The band also made great runners as they were used to electrics and cables and humping stuff around. A lot of crossover generic skills - roadies and runners aren't so different.

Great gore in the music video, what did you use? Talk about all the effects.

Just red and blue food colouring thickened with chocolate syrup for the blood made to internet recipes by Hannah Raison - our very gifted make-up artist. The selection of guts were real though and were sourced from a butcher at the local Bull Ring indoor markets here in central Birmingham.

Ashley Allen who edited achieved the really brilliant jerky "Talking Head" style effect which emphasixed the Jeckyll and Hyde nature of the killer using dropped frames, masks and other effects in FCP.

Tell us a bit about the indie music video scene. Is this something that other indie filmmakers should be looking at getting involved in?

There are definite sychronicities. I think bands these days simply have to have some sort of video of their singles and songs on the internet if they want to get noticed.

Because digital distribution has become so easy - its a very crowded market place if you're trying to sell your digital wares whatever they might be. The better quality video a band can put in front of their internet audience the more chance it has of breaking and going viral with the subsequent benefit that has for profile and download sales plus things like merchandising and revenue from live gigs.

Bands that want quality should get in touch with their local indie filmmakers and work out a budget and/or a deal that benefits both parties. This could mean all sorts of things. For instance the band could agree to do a fundraising gig to help finance a short for the filmmakers in exchange for a promo.

Likewise the band and filmmakers could agree to share revenue on the promo from itunes or Tunecore exposure. There are lots of creative ways that you can help each other out by giving in-kind assistance that creates win-win results.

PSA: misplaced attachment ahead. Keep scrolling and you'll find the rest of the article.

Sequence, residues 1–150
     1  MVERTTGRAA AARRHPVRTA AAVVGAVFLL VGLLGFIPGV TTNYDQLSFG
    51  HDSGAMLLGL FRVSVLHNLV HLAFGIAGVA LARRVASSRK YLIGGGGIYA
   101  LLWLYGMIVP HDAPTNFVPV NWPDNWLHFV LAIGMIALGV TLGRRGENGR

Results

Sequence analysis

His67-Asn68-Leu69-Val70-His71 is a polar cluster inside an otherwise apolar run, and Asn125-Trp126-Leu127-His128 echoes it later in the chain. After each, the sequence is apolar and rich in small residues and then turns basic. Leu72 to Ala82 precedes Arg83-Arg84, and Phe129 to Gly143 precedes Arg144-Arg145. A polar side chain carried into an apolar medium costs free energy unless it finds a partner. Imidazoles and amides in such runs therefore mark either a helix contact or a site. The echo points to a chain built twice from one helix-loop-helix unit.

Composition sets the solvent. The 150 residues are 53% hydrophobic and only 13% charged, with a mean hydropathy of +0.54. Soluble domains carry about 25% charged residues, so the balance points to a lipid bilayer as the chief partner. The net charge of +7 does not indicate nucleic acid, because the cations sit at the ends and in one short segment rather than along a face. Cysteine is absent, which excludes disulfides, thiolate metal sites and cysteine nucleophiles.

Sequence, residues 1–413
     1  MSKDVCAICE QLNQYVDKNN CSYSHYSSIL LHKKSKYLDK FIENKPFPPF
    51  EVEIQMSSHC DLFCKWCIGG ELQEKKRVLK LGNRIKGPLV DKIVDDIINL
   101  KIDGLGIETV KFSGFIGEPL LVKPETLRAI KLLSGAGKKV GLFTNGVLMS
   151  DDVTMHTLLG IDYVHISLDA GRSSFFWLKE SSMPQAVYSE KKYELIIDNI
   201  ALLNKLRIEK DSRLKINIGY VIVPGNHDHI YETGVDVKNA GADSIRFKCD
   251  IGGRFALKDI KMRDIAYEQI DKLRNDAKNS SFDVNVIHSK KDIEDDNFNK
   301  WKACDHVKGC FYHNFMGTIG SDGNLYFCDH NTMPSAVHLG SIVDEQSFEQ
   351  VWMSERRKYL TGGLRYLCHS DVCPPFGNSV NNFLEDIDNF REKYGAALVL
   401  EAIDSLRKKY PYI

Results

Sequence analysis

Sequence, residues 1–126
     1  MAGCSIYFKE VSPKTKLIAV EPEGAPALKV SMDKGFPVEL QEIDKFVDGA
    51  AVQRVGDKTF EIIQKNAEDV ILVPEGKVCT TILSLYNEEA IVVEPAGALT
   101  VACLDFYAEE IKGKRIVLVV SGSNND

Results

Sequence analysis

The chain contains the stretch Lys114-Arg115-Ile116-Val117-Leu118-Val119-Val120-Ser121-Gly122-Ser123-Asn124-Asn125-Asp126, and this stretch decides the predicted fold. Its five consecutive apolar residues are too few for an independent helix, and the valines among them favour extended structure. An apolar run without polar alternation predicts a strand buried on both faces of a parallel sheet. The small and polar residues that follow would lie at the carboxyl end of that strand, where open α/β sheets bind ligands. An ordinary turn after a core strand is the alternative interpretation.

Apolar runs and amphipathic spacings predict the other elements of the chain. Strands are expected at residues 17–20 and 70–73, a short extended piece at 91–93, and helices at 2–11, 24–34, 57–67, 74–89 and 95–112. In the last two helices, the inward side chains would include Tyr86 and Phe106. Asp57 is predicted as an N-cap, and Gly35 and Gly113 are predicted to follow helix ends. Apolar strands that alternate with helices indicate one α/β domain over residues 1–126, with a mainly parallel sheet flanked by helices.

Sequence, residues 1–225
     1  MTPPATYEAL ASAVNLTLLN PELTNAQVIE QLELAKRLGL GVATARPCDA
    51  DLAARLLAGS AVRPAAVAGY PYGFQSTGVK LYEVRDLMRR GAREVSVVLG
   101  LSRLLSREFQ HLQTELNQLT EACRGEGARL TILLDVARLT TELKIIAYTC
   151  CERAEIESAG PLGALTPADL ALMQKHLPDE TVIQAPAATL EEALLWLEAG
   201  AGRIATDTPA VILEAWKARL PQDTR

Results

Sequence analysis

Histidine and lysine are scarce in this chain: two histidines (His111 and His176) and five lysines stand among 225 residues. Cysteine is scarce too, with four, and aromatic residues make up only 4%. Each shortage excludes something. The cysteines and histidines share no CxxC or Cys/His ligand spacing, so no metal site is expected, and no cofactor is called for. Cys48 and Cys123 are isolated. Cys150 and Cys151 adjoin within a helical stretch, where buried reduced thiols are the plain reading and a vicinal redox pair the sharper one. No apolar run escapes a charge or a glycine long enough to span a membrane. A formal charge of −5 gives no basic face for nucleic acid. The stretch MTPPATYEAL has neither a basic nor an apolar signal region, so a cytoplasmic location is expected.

Has winning the competition opened any doors for you?

Its still early days but having won the competition has certainly raised my stock and put me on certain peoples radar.

I'm currently talking to a local band about doing a video for a new song of theirs in which I hope to take a further step in the learning process by using compositing and CGI effects. This experience will also help prepare me for what will be needed on Hell Hall.

As prizewinners Stickleback Productions also get to make another budgeted video for a band called the Special K's who are a dance-pop outfit from Brighton.

The promo is also an invaluable marketing tool for all concerned. As you know my l main aim is to write and direct feature length films but any promos, corporates or event filming that increases my skills that I can get in the meantime is invaluable - not to mention the networking opportunities that these things provide.

Theory is great but you only really learn about film making by getting out on set with whatever equipment and resources you can get and making a film.

In some respects filmmakers are living in a golden age as social networking makes it very easy to find actors and crew to work with. The key thing then is to build good relationships with good people based on honesty, integrity and mutual respect for each others skills, abilities and needs.

Now, tell us a bit about yourself. What are your influences and what got you in to film?

My influences would be summed up as World and Indie cinema though I love US directors like Scorcese and Tarantino plus homegrown ones like the UK's Mike Leigh, Ken Loach and Neil Jordan over in Ireland. I also love a lot of the new directors coming out of Spanish and Latin American cinema.

I've always been a film buff since high school and have always been a poet and writer. Poetry has actually been a very good grounding for moving into film making as they're both all about sequencing images in a very nuanced way.

Until relatively recently it was expensive to make a film. The accessibility caused by the drop in price of and accessibility to digital video and editing equipment has changed everything. Now writers like me don't have to wait for someone to pick up their script.